CSB releases safety video about Williams Olefins accident

Feb 06,2017–  The U.S. Chemical Safety Board (CSB) released a safety video of its investigation of the June 13, 2013 explosion and fire at the Williams Olefins Plant in Geismar, Louisiana, which killed two workers and injured an additional 167.  The deadly explosion and fire occurred when a heat exchanger containing flammable liquid propane violently ruptured. The CSB says that an “ineffective PSM” program was the cause of the accident. There was  efefctively no relief valve on the heat exchanger that burst (there was a relief valve but was completely isolated from the heat exchanger piping!) A well conducted HAZOP Study should have evaluated this deviation, but was apparently not done.

 
The CSB’s newly released 12-minute safety video entitled, “Blocked In,” includes a 3D animation of the explosion and fire as well as interviews with CSB investigator Lauren Grim and Chairperson Vanessa Allen Sutherland. The video is based on the CSB’s case study on the Williams incident and can be viewed on the CSB’s website and YouTube. 
 
Chairperson Sutherland said, “Our investigation on the explosion at Williams describes an ineffective process safety management program at the plant at the time of the incident. We urge other companies to incorporate our recommendations at their facilities and to assess the state of their cultures to promote safety at all organizational levels to prevent a similar accident. ”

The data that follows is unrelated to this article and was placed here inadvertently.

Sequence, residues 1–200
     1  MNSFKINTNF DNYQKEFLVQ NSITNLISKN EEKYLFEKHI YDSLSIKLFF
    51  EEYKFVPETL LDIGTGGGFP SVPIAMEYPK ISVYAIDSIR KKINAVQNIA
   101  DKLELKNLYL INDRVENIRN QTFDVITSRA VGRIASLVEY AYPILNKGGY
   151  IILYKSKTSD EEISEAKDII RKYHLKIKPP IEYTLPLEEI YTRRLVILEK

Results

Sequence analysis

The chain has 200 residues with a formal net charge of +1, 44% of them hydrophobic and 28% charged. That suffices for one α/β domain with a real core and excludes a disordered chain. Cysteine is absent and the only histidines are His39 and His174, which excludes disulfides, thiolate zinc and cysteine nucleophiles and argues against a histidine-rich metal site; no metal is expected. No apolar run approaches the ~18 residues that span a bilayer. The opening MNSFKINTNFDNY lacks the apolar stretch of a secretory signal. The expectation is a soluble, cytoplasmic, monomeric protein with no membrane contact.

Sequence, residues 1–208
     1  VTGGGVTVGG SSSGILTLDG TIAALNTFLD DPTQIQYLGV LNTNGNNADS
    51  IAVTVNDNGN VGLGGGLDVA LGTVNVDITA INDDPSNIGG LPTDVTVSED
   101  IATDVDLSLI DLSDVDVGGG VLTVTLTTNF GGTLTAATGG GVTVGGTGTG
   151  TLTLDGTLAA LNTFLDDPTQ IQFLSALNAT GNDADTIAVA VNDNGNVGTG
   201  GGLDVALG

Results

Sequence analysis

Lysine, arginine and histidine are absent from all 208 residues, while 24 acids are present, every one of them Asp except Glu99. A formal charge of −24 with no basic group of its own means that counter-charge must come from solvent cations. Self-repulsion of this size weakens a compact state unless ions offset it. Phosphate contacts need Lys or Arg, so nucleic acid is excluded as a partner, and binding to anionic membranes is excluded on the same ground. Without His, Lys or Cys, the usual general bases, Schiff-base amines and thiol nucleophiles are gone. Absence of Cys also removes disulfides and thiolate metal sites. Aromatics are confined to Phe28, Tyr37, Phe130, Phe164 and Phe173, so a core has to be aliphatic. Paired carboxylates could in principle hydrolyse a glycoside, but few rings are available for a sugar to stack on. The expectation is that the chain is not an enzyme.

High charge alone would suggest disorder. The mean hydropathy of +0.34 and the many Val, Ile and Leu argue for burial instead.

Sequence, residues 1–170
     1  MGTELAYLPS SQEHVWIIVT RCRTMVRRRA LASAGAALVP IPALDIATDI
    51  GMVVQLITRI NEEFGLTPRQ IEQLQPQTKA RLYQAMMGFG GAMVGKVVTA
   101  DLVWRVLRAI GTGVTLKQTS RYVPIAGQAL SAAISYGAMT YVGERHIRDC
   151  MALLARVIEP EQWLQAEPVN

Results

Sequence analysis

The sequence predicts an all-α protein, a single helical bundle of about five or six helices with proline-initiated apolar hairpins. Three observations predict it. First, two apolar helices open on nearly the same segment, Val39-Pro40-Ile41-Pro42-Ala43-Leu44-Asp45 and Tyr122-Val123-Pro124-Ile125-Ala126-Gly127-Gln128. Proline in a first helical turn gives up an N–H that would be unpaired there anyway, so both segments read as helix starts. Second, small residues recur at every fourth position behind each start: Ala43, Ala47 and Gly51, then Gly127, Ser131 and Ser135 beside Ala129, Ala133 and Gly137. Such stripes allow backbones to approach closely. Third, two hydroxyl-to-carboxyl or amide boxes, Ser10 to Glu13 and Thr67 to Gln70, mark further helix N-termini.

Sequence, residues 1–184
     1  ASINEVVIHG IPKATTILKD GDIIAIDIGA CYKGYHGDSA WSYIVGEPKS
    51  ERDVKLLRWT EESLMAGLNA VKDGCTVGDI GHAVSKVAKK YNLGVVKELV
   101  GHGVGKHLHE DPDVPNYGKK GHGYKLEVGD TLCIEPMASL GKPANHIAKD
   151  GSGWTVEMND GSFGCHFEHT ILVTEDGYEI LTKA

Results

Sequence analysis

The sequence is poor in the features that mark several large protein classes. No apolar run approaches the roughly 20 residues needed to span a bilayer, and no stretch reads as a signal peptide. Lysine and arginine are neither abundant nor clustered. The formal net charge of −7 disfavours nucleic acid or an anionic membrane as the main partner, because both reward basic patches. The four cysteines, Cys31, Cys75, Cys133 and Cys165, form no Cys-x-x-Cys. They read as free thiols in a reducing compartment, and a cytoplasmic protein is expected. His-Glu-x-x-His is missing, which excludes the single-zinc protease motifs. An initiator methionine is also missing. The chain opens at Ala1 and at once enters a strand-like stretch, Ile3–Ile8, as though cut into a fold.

The CSB’s investigation found many process safety management program deficiencies at Williams, which set the stage for the incident. In particular, the CSB found that the heat exchanger that failed was completely isolated from its pressure relief valve.
 
In the video, Investigator Lauren Grim said, “When evaluating overpressure protection requirements for heat exchangers, engineers must think about how to manage potential scenarios, including unintentional hazards. In this case, simply having a pressure relief valve available could have prevented the explosion.”

 
The CSB investigation concluded that in the twelve years leading to the incident, a series of process safety management program deficiencies caused the heat exchanger to be unprotected from overpressure.  As revealed in the investigation, during that time Management of Change Reviews (MOC for short), Pre-Startup Safety Reviews, and Process Hazard Analyses (PHA for short), all failed to effectively identify and control the hazard. In addition, the CSB found that Williams failed to develop a written procedure for activities performed on the day of the incident, nor did the company have a routine maintenance schedule to prevent the operational heat exchanger from needing to be shut down for cleaning. 
 
Finally, the video describes CSB’s recommendations made to the Williams Geismar plant which  encourages similar companies to review and incorporate into their own facilities. These include:
– Conduct safety culture assessments that involve workforce participation, and communicate the results in reports that recommend specific actions to address safety culture weaknesses
– Develop a robust safety indicators tracking program that uses the data identified to drive continual safety improvement
– And perform comprehensive process safety program assessments to thoroughly evaluate the effectiveness of the facility’s process safety programs.
 
 “Managers must implement and then monitor safety programs and encourage a strong culture of safety to protect workers and the environment,” Chairperson Vanessa Allen Sutherland said,
 
For more information about the accident and subsequent investigation, please visit  www.csb.gov
 
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